Let’s get all this out the way first: yes, this post is about paying to access a beta of a DayZ ’em up that will be free-to-play when it properly launches. This may not appeal to you; that’s fine. For the curious, let’s continue. Sony Online Entertainment yesterday launched their open-world zombie apocalypse survival multiplayer game H1Z1. SOE are bigger and have more resources than many folks making OWZASMPs (aʊ-sə-smʌp), so I’m interested in how this might end up.
Well, part of the answer at launch is “a bit buggy and making some grumpy about monetisation.”
Before all that, a brief explanation of what H1Z1 is: it’s an OWZASMP with vehicles and base-building. You understand. This blog post here has a big list explaining the state it’s in now and what you should be aware of: bugs, placeholder art, balance problems, and missing features like being able to see if someone who looks unarmed actually has a gun shouldered.
Onto the launch problems. Servers were overloaded, and are still a bit wonky. SOE president John Smedley says they’re working on that. Server problems during launches are rarely a surprise, but one change to monetisation was.
One of H1Z1’s microtransaction doodads is airdrops, where players can pay to parachute in a supply crate. They fall gently, giving other people time to spot it and, so the plan goes, spark little fights over who gets to keep them. It turns out these can contain guns, which seem rather game-changing. Back in April 2014, Smedley had said of their monetisation plans, “We will NOT be selling Guns, Ammo, Food, Water… i.e. That’s kind of the whole game and it would suck in our opinion if we did that.” Folks had thought this meant airdrops wouldn’t contain guns. SOE justified this in the blog post:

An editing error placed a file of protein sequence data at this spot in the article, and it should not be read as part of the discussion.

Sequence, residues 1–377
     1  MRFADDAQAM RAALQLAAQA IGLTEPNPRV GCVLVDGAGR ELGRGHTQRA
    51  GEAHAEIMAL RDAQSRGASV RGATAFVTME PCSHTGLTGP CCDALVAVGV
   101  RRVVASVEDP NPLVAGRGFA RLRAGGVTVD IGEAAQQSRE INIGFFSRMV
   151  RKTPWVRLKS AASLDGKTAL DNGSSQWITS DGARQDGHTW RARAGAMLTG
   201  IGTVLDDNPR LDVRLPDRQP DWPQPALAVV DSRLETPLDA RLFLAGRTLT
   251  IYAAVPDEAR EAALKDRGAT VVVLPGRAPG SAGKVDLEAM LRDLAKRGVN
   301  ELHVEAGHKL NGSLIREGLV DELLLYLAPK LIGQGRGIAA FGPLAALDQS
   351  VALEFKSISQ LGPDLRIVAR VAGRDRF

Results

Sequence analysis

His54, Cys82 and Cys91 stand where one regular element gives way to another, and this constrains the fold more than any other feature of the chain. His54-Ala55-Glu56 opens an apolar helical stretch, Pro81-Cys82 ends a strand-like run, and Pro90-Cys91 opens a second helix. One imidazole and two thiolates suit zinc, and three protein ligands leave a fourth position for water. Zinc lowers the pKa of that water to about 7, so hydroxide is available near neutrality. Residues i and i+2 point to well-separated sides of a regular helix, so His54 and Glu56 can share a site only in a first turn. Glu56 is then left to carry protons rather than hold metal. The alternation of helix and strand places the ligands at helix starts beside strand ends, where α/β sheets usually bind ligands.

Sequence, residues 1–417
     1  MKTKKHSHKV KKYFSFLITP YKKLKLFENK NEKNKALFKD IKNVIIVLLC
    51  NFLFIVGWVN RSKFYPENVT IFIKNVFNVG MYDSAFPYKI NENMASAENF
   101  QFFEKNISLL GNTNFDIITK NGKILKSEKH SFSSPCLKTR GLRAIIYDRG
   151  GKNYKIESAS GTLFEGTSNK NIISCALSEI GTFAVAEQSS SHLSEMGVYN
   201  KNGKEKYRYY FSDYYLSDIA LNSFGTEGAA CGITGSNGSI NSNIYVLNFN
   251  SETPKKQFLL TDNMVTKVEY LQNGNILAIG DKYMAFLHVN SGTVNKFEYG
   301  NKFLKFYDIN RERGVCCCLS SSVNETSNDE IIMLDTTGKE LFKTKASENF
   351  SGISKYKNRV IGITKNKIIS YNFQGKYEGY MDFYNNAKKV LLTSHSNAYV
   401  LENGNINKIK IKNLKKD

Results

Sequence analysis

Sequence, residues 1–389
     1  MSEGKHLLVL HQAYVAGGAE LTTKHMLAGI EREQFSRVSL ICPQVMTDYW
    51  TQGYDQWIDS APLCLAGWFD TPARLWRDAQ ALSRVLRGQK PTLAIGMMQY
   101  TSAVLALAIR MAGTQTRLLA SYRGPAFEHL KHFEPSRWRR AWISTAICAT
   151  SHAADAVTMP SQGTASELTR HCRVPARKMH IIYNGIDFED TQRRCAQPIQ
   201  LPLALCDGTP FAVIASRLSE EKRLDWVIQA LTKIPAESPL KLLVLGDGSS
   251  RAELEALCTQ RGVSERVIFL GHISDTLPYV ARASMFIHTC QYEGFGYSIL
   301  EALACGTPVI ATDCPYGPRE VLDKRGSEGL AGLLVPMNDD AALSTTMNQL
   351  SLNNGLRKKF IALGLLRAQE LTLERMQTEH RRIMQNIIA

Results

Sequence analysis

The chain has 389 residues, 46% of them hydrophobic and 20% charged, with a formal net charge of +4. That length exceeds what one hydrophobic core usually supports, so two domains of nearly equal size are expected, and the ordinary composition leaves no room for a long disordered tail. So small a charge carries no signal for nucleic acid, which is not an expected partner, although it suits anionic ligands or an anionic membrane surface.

“We have made the decision to allow paid for airdrops into the game with things like guns and other things being randomly selected as part of the airdrop. We’re making them highly contested and building a whole set of rules around this, but you should be aware that our goal is to make this a way to keep things interesting on the servers but still be contested. If these offend your sensibilities just know that they are going to be there. We have gone out of our way to make sure the airdrops are contested in-game and that you can’t simply expect to easily walk about to the airdrop and grab it. Even if you paid for it.”
While they’re not selling guns directly, preparation or teamwork sure could help secure some if you’re the one triggering the airdrop.
Still, this isn’t all there is to the game, and it’s attracted plenty of players. As this post went up, H1Z1 sat ninth in Steam’s current playercount chart with over 26,000 survivalists.
H1Z1 Early Access is £14.99 on Steam. When it’s finished, it’ll cost nowt. Have a launch trailer: